Friday, July 6, 2012

Belonging, Even When We Don't Know It.

The gentleman in the wheelchair looked suspicious when he asked, "What church are you from?"  When I responded that SpiritCare was non-denominational, he pressed further.  "No," he replied, " I want to know what church."  I told him I was ordained United Church of Christ.  
He refused communion.  "You are not of the The Church," which not surprising, turned out to be his denomination.  "There is only one church and you are not part of is not it."  He wheeled away.  
As I looked around at those gathered in wheel chairs and gurneys, I became acutely aware that I have been walking into that crowded multi-purpose room, turning off "The Price is Right," and jauntily saying, "Good morning, everyone!"  for close to five years.  Many of those gathered that morning I have known since the first day I walk in.  I look around to see that both Francisco and  Estelle have begun their personal rituals of standing to take communion, no easy feat for either of them.  They both slowly come in on walkers and immediately sit down, but in the moment of communion, they courageously leave their chairs and stand.  I noticed that the two activity assistants were taking a few quiet moments to simply sit and listen to the pianist.  Gentle Leona, who is over 90, was dozing, but I knew she would not be happy if I passed by without waking her.  David was patiently sitting and waiting with his mother, as he does every day.  Virgil was raising his hand, letting me know he wanted to take communion, and the sooner the better. The room was full with believers of various faiths, of no faith, of lost faith.  Of found hope, and of lost hope.  Of acceptance and frustration.  The heroic and the disheveled. Of all that we humans are, and all that we are not.  That is indeed church, whether you are in a cathedral, a chapel, a skilled nursing community, or in the park.  Wherever people are gathered,  there the living Christ can be found, and fortunately for all of us, the living Christ is neither arrogant nor squeamish.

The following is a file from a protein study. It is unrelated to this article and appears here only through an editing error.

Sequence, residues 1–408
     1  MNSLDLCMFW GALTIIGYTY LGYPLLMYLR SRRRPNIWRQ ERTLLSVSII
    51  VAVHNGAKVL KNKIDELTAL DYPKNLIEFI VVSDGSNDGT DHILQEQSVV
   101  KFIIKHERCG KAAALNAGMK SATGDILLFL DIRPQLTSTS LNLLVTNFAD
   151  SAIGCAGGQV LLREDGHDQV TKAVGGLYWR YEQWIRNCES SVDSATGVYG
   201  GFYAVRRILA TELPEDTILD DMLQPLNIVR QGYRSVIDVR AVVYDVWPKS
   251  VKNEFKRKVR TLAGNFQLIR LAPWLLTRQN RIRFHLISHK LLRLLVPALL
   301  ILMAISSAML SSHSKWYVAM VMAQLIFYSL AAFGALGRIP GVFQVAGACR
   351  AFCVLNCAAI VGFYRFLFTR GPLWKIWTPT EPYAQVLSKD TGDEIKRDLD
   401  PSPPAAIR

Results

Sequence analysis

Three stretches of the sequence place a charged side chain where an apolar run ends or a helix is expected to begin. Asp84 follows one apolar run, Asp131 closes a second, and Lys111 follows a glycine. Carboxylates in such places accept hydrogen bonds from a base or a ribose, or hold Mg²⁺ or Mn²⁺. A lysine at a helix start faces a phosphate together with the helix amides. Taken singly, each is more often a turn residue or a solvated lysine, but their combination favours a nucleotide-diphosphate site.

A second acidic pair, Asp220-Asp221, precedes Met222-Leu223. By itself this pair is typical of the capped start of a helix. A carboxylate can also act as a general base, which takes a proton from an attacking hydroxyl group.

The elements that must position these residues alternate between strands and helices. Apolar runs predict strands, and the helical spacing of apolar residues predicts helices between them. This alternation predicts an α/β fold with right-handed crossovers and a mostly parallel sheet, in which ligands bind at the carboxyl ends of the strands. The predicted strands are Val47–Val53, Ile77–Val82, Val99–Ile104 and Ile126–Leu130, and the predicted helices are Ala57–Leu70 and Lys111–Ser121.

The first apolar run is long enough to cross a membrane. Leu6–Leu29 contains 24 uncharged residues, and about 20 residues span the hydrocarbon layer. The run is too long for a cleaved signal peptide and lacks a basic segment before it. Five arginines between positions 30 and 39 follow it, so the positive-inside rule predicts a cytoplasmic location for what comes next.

Afterwards we began to sing our song of thanksgiving which was Amazing Grace.  I was surprised to see that the gentleman was back in the room.  This time, however, the dark scowl was replaced by a radiance.  He seemed to be transported by the music.  He looked happy.   Then, he was gone again, and everything seemed uncommonly quiet. I thought of those in the home who had passed and felt their gentle presence.      

But then, I heard the very much alive Charlie ask his regular question, "How do I look?"  I tell him that he is looking just great.  He really is looking better and better as he slowly is able to set some of his personal demons aside.  The activity assistants get up to tend to others once again.  I hear announcements over the intercom, and the ever moving elevators begins to whir.   I hear the tv in the lobby and the ringing telephones.  I am handed the song sheets that a volunteer had graciously gathered.  I repack my bag, and my month of amazing grace was officially underway.

Dear friends, let's love one another, because love is from God...
                                                                                                          1 John 4:7